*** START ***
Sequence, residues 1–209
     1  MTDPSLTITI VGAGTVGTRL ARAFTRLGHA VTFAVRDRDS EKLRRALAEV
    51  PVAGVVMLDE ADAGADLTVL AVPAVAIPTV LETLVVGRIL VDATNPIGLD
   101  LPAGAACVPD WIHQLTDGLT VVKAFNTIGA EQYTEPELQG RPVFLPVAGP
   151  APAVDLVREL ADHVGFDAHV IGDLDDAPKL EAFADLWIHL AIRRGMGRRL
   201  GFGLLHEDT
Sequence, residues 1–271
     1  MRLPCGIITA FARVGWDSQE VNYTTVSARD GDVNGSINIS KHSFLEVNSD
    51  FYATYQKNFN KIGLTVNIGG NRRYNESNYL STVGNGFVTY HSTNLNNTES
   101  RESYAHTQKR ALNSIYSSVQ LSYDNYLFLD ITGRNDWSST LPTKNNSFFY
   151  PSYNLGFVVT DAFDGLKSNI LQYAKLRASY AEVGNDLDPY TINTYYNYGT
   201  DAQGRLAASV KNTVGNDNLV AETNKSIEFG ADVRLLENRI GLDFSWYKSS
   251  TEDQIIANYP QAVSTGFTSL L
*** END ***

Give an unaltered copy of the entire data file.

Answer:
Sequence, residues 1–209
     1  MTDPSLTITI VGAGTVGTRL ARAFTRLGHA VTFAVRDRDS EKLRRALAEV
    51  PVAGVVMLDE ADAGADLTVL AVPAVAIPTV LETLVVGRIL VDATNPIGLD
   101  LPAGAACVPD WIHQLTDGLT VVKAFNTIGA EQYTEPELQG RPVFLPVAGP
   151  APAVDLVREL ADHVGFDAHV IGDLDDAPKL EAFADLWIHL AIRRGMGRRL
   201  GFGLLHEDT
Sequence, residues 1–271
     1  MRLPCGIITA FARVGWDSQE VNYTTVSARD GDVNGSINIS KHSFLEVNSD
    51  FYATYQKNFN KIGLTVNIGG NRRYNESNYL STVGNGFVTY HSTNLNNTES
   101  RESYAHTQKR ALNSIYSSVQ LSYDNYLFLD ITGRNDWSST LPTKNNSFFY
   151  PSYNLGFVVT DAFDGLKSNI LQYAKLRASY AEVGNDLDPY TINTYYNYGT
   201  DAQGRLAASV KNTVGNDNLV AETNKSIEFG ADVRLLENRI GLDFSWYKSS
   251  TEDQIIANYP QAVSTGFTSL L